CLASS OF THEIR OWN
Poor schools produce a rich crop
● The principal’s office at Emhlwaneni High School in Driefontein, deep in the heart of rural KwaZulu-Natal, is adorned with framed pictures of past pupils.
An adjoining room is full of trophies the school — which has achieved a 100% matric pass rate for 16 consecutive years — has been awarded for its achievements, including in sports and music.
Much of the success can be attributed to the passion of former principal Bongani Khubeka, whose teaching philosophy is based on nurturing and empowering the African child.
Last year, the school continued its unbroken 100% matric pass rate, with 121 candidates securing bachelor passes and the remaining 13 achieving diplomas.
The school’s top performer, Luyanda Zakwe, bagged distinctions in English, Afrikaans, maths, life orientation, life sciences, physical sciences and geography. She was also among the top achievers in the Uthukela district and is now headed for the University of Cape Town to study medicine.
Overall, the school has produced nearly 20 medical doctors over the years. One of them is Dr Jabulani Nzimande, who graduated from the University of KwaZulu-Natal’s Nelson Mandela School of Medicine in 2017 and is now an intern at the Ladysmith provincial hospital.
“I have no doubt I am what I am because of the school. The teachers did their best. They really pushed us. I didn’t really know how weekends looked like in town because we were at school from 7am until 4pm,” said Nzimande.
The school has also produced graduates from some of SA’s top universities — engineers, geologists, pharmacists and teachers. Such has been the consistent success of this rural school since 2002 that 27 out of its 36 teachers are former pupils who decided to return and plough their energy back into the community.
One of them is deputy principal Gcina Duma, who matriculated in 1989 and went on to study teaching at Ezakheni College of Education in Ladysmith, where he qualified as a teacher in 1996. He now teaches life sciences and 14 of his pupils produced distinctions last year.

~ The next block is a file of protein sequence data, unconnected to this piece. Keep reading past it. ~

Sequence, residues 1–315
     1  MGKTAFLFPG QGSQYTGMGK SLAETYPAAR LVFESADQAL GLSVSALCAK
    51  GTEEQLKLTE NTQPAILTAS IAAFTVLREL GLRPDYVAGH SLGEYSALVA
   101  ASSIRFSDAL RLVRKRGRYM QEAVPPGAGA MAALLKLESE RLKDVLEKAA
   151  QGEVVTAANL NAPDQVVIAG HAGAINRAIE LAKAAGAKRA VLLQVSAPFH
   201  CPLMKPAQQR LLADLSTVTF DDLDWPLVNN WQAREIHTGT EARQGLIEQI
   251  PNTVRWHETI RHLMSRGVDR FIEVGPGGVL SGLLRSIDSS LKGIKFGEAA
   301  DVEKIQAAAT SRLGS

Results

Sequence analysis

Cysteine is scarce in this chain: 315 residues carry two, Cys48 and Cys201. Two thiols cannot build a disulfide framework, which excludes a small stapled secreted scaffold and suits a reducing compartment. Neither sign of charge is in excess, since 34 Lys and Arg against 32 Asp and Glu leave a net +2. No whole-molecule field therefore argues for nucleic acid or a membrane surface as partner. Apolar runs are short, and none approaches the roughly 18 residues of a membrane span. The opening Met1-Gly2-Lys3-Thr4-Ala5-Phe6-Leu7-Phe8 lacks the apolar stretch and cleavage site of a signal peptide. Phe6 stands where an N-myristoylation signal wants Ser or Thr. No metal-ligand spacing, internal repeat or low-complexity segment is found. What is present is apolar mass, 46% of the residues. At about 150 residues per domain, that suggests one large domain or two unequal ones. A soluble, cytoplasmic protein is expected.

Another former pupil, Lungisani Mazibuko, who holds a BEd from Wits University, is now the school’s head of department for maths and maths literacy and teaches maths in grades 11 and 12.
He produced the province’s top female achiever, Sinethemba Khoza, who not only bagged 100% in maths but was also the top pupil in the Uthukela district and top performer in maths and physical sciences in the province in 2013.
Acting principal Nondumiso Nxasane, who took over from Kubheka when he retired at the beginning of last year after being headmaster for 31 years, attributed the school’s success to the sacrifices made by teachers and a good relationship between the school and parents.
“I’m so excited, I’m out of words. Teachers worked extremely well, sacrificing their time. On weekends they were here. During the holidays they were here. They sacrificed their social life. They don’t have a social life, for the benefit of the black child,” she said.
The school’s secret, she said, was finishing the syllabus by July, which gave time for revision so pupils were prepared for the exams.
She is full of praise for her predecessor. “We did not deviate from the principles that Khathide [Kubheka’s clan name] believed in. We did not come up with our new things. Khathide used to say ‘teach an African child and you will never go wrong’. He motivates us even in retirement. We invite him to come and motivate our grade 12s and educators,” said Nxasane.
Acting principal Nondumiso Nxasane of Emhlwaneni High School in Driefontein in Ladysmith, KwaZulu-Natal, addresses pupils during assembly on the first day of the 2019 school year on Wednesday.
Sinethemba Khoza, KZN’s top girl in maths and physical sciences in 2013.
Former pupil Dr Jabulani Nzimande is now a doctor at Ladysmith’s provincial hospital.